1. This suit was brought on the 4th of October 1907 on an alleged bond of the 7th of October 1904. The document, however, is not a bond but an agreement of partnership for the capture of elephants and incidentally mentions a debt of Rs. 600 previously taken from the plaintiff and provides that 6-annas of the profits of the business in the share of the executant would go towards the liquidation of the debt of Rs. 600. The defendant, who is the heir of the executant of the bond, pleads limitation and want of cause of action and the lower Courts have upheld the plea. It is contended in second appeal before us that the Courts below are wrong, firstly, in the construction of the agreement and, secondly, in holding that the document does not repel the bar of limitation.
2. The document, undoubtedly, contains an acknowledgment of the debt and if it could be shown that it was made while the debt was yet alive, the provisions of Section 19 of the Limitation Act would repel the statute. The plaintiff has, however, failed to prove that and the suit must fail unless the document is such as to attract the provisions of Section 25, Clause 3, of the Contract Act. That section provides that an agreement made without consideration is void unless it is a promise made in writing to pay wholly or in part a barred debt. The effect of the section is that the old debt is not revived but it is considered to be a good consideration for the promise to pay and this new promise is the measure of the creditor's right. This promise may be absolute or conditional. If it is absolute, if there is no 'but' or 'if', it will support a suit without anything else; if it is conditional, the condition must be per formed before a suit upon it can be decreed. This is the English law on the point; See Leake on Contracts, 6th Edition, 723-724; Philips v. Philips 3 Hare 299 at p. 300 : 13 L.J. Ch. 445; Chasemore v. Turner L.R. 10 Q.B. 500 : 45 L.J.Q.B. 66 : 33 L.T. 323 : 24 W.R. 70. This rule has been followed in India before the passing of the Contract Act; see Tillakchand Hindumal v. Jitamal Sudaram 10 B.H.C.R. 206 at p. 215 (Westropp, C.J., and West, J.,); and also after the passing of the Contract Act; see Watson v. Yates 11 B. 580, [Sargent, C.J., and Farran, J.] And we cannot say this is inconsistent with the rules of justice, equity and good conscience according to which we have to administer the law. As the debt is ex hypothssi barred and the creditor cannot insist upon its having been paid, the debtor, who is inclined to be honest, must be allowed to impose his own terms, if any. He may agree to pay by instalments or by some special arrangement or on the happening of a contingency. The whole of the promise, whether free or clogged with a condition, gives the cause of action. If he says,-- I will pay when I can', the creditor must prove his ability to pay. See Tanner v. Smart 6 B. & C. 603 : 30 R.R. 461 : 9 D. & R. 549 : 5 L.J. (O.S.) K.B. 218; Watson v. Yates 11 B. 580. If he says,-- I will pay by a set off or some special arrangement', the creditor can realise his dues in no other way. See Routledge v. Ramsay 8 A. & E. 221 : 3 N. & P. 319 : 1 W.W. & H. 232. 7 L.J.Q.B. 156 : 2 Jar. 789; Cripps v. Davis 12 M. & W. 159 : 13 L.J. Ex. 217; Goate v. Goate 1 H. & N. 29; Francis v. Hawkesley 1 El. & El. 1052 : 28 L.J.Q.B. 370 : 5 Jur. (N.S.) 1391 : 7 W.R. 509. In the present case, the debtor promised to pay by a share of the profits of the elephant business and the plaintiff cannot receive in any other way.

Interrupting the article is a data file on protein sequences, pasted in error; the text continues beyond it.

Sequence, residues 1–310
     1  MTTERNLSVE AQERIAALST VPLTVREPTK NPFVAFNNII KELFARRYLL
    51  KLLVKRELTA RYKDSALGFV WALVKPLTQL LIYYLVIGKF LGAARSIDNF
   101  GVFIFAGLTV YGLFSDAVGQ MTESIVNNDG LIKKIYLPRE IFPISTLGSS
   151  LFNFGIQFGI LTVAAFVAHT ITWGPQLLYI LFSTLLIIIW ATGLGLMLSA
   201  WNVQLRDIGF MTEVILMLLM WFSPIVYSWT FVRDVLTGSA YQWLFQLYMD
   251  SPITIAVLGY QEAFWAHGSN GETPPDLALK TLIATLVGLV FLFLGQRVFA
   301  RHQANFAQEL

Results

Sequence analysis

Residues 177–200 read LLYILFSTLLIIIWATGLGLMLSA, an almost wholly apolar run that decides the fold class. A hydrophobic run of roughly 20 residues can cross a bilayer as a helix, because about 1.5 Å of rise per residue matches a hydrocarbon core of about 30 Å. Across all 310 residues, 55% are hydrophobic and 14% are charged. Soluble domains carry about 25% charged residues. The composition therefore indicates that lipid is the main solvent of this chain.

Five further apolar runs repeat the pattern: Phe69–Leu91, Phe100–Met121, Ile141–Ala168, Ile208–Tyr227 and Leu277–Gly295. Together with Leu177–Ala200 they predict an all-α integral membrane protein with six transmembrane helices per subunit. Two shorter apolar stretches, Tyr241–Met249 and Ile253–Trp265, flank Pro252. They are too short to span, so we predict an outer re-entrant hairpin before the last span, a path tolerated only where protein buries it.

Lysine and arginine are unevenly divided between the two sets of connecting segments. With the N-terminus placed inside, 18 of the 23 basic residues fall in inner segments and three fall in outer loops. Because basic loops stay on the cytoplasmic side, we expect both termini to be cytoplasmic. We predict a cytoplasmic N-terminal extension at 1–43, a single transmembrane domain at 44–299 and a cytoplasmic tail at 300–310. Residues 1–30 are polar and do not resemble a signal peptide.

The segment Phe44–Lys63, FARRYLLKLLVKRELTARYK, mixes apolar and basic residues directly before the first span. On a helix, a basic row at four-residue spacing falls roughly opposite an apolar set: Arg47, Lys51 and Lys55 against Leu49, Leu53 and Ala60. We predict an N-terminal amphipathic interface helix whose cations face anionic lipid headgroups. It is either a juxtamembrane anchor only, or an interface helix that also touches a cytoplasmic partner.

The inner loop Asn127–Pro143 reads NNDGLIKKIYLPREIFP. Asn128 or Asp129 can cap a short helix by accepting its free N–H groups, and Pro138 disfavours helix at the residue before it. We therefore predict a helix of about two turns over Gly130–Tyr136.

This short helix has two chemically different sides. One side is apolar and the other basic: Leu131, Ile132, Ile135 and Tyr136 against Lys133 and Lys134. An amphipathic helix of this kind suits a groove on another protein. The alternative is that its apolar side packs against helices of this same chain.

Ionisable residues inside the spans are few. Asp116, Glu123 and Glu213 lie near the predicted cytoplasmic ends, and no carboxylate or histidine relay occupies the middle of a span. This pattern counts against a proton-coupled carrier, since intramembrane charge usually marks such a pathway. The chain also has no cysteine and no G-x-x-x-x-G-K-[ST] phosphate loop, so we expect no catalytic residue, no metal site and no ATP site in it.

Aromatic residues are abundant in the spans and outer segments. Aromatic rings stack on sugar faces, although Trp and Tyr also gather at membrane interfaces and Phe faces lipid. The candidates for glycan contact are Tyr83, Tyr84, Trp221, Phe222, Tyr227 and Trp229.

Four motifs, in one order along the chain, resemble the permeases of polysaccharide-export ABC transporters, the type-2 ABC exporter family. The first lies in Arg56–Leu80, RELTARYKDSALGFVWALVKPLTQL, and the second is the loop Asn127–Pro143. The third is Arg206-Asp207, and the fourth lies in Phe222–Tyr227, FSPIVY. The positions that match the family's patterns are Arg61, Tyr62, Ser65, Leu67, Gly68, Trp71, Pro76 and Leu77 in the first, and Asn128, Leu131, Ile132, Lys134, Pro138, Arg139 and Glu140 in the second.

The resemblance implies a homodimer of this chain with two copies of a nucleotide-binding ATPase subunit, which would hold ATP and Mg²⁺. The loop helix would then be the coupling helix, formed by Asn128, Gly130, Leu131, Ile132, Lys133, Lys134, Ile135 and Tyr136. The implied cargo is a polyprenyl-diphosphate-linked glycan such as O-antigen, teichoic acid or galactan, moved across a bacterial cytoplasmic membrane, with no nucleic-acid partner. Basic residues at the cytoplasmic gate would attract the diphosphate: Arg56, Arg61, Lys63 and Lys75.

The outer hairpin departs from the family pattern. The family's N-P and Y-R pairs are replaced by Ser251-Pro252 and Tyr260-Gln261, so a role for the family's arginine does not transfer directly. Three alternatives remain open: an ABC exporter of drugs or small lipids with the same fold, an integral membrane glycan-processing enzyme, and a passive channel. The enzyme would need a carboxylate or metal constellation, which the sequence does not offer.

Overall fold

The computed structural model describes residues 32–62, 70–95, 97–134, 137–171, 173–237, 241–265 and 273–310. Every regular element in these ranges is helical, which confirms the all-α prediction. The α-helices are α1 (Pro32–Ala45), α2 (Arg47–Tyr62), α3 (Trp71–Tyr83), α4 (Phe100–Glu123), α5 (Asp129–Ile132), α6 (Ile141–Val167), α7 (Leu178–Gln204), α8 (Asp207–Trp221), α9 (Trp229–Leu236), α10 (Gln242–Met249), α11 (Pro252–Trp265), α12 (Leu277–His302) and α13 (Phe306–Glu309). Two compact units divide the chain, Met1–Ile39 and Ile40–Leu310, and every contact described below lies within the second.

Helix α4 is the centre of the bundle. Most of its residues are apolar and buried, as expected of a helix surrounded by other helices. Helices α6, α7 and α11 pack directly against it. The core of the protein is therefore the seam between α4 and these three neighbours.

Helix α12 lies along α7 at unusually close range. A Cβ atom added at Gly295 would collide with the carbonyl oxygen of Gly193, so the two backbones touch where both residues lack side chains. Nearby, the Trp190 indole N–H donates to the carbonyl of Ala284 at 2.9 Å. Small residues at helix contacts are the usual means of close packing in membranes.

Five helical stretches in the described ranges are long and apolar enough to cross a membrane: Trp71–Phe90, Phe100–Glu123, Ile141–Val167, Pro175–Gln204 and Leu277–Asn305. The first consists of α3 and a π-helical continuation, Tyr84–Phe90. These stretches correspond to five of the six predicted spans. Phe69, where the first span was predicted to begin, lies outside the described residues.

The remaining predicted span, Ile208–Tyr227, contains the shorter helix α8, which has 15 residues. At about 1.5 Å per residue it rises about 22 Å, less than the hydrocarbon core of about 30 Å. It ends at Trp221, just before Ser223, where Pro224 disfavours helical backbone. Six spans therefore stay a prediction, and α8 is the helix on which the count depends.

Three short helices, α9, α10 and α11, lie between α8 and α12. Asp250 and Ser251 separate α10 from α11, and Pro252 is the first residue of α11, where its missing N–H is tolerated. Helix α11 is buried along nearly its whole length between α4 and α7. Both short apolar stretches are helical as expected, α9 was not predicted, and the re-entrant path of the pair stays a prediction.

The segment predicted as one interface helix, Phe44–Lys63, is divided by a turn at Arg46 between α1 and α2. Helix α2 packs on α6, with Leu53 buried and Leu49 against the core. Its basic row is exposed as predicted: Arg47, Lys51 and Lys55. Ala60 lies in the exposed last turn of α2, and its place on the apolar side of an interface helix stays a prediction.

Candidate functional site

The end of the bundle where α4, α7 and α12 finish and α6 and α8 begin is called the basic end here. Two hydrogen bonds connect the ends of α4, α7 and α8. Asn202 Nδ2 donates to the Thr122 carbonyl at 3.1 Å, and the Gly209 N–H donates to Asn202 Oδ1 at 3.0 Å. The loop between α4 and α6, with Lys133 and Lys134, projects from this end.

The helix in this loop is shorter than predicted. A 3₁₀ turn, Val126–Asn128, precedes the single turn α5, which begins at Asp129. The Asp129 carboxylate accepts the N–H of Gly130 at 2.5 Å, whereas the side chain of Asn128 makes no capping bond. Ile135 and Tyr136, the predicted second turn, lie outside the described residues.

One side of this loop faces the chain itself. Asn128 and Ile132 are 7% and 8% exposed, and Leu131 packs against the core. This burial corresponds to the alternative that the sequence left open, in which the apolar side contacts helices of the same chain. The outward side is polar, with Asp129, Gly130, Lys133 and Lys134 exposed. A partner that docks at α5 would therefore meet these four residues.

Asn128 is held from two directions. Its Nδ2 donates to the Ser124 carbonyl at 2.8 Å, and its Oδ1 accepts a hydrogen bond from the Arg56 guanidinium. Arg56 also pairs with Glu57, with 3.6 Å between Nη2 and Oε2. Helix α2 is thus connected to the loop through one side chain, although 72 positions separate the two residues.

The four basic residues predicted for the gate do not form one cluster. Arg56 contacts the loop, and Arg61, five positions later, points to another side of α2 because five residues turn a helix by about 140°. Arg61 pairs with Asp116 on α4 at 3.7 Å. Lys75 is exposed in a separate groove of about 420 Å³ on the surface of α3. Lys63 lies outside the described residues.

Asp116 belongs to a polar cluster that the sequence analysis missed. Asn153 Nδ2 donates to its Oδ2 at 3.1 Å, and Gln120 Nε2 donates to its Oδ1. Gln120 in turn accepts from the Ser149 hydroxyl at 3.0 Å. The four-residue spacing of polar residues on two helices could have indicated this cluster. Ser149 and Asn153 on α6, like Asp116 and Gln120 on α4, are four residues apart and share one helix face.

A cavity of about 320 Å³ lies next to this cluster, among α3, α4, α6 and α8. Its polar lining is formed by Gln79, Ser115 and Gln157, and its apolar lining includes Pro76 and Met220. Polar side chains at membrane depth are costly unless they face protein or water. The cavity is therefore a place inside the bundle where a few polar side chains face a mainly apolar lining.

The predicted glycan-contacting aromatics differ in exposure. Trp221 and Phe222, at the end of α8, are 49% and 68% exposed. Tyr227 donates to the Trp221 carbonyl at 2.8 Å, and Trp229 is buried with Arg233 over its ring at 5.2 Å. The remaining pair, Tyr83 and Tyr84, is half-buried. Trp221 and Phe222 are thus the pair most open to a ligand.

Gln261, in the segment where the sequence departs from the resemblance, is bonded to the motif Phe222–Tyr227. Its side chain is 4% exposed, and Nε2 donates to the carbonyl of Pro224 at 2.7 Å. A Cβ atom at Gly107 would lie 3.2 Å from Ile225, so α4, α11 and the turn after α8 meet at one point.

3. The appeal, therefore, fails and must be dismissed with costs